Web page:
dreadful hells, obtain, after the conclusion [of that punishment] the following births:—

"The slayer of a Brahman enters the womb of a dog, a pig, an ass, a camel, a cow, a goat, a sheep, a deer, a bird, a chandala and a Pulkasi. 1 . . .
"Men who delight in doing hurt become carniverous animals; those who eat forbidden food, worms; thieves become creatures that consume their own kind; those who have to do with women of the lowest castes become pretas (goblins) . . . .
"For stealing grain, a man becomes a rat; for stealing gold, a swan; for stealing water, a waterfowl; for stealing honey, a stinging insect; for stealing milk, a crow; for stealing condiments, a dog; for stealing clarified butter, an ichneumon." '

It is clear that the meaning of this is that every sin brings its own peculiar punishment, if not in the present life then in a future one. The punishment also, according to Manu, in many cases bears a certain appropriateness to the offence, as when gluttony is said to result in re-birth as a voracious animal, and theft of grain condemns the thief to become a rat and live with only one thought, how to steal grain and eat it. Yet even here the question arises: How can existence as a dog or a rat or a crow teach any one not to yield to the impulses which govern those animals? How can a man be reformed in this way, especially as he has no recollection of a previous existence and does not

1 Very low caste women.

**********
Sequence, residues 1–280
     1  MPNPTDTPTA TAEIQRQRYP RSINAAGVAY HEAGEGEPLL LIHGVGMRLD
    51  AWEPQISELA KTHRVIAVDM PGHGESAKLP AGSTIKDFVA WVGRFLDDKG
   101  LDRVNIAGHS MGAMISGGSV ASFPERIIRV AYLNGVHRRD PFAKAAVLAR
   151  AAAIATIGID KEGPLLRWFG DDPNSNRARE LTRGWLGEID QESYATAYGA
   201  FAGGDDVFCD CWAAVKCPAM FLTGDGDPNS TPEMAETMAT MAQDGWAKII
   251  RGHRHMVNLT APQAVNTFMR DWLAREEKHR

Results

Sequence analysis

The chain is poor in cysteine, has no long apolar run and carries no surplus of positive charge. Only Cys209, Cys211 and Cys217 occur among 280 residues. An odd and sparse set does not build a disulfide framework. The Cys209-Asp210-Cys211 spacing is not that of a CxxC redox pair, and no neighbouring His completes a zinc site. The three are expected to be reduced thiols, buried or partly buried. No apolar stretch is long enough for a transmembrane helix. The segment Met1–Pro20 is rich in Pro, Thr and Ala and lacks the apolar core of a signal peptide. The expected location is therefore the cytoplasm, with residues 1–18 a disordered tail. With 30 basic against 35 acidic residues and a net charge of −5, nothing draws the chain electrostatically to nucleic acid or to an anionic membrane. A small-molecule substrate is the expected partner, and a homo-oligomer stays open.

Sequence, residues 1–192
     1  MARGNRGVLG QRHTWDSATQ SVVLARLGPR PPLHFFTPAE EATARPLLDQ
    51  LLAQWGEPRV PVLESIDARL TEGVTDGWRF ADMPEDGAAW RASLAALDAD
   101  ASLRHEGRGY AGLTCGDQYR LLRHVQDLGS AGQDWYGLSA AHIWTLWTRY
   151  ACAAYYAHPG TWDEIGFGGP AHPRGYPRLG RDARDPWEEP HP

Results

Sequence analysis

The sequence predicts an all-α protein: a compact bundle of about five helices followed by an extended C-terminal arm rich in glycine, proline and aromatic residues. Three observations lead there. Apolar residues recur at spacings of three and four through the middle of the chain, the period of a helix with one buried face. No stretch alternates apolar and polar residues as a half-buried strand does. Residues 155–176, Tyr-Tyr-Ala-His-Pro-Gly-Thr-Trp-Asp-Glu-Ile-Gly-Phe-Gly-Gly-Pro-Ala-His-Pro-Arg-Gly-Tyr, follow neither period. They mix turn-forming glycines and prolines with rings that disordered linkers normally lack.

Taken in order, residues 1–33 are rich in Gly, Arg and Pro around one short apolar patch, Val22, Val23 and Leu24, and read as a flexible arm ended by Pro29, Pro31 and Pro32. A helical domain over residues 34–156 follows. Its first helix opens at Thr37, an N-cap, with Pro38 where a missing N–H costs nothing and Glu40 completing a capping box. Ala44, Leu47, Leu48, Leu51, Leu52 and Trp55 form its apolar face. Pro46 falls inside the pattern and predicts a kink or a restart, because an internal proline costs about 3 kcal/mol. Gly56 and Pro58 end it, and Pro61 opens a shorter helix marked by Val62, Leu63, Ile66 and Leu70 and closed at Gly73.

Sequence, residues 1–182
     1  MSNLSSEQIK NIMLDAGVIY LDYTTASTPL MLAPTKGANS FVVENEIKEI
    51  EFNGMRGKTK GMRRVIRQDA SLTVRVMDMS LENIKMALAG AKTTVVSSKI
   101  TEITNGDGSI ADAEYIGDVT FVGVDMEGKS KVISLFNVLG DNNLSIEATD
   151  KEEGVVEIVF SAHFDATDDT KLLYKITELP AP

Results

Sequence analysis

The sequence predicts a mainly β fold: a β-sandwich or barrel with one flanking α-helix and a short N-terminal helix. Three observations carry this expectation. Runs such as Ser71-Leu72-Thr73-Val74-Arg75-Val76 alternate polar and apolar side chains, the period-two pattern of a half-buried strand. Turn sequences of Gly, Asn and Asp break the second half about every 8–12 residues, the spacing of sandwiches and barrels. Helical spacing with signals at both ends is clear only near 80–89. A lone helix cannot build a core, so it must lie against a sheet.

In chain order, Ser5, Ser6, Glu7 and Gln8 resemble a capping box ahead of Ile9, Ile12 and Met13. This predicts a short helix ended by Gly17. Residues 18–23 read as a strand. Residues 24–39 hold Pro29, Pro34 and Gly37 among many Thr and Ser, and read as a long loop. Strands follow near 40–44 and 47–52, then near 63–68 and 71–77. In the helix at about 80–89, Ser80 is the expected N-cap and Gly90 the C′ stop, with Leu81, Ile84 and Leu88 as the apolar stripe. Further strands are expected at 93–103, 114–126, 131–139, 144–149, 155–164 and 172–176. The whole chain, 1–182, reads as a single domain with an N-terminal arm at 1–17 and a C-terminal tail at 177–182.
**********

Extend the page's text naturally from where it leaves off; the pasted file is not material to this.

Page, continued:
know that he is suffering punishment for sins of this kind? The Hindus themselves admit that, at least in the case of most men, the human spirit has no recollection of any former life. It is difficult to imagine the possibility that a man's spirit should ever lose the recollection of its previous existences, if it has passed through other births. Loss of recollection would almost amount to a change of personality. At any rate, if one of the purposes for which punishment is inflicted be reformation of character, and another be the satisfaction of justice, it seems evident that transmigration cannot effect either of them. If the spirit is in a state of unconsciousness, it can do neither good nor bad, it can neither gain merit nor incur guilt, it can deserve neither reward nor punishment. For these things depend upon the answer to the question whether the spirit is acquainted or not acquainted with God's will and commandments, and knows the distinction between the righteous and the wicked and between reward and punishment. An animal, therefore, being devoid of this knowledge, cannot incur guilt, nor can it merit reward. If we suppose that, after a glutton's death, his spirit becomes reincarnated in a pig, and a wrathful man's spirit, or a murderer's, in a lion or tiger, then can it be imagined that the spirit will grow pure through inhabiting the body of a hog, or gentle and kind through living in that of a lion? If men's spirits were to be reincarnated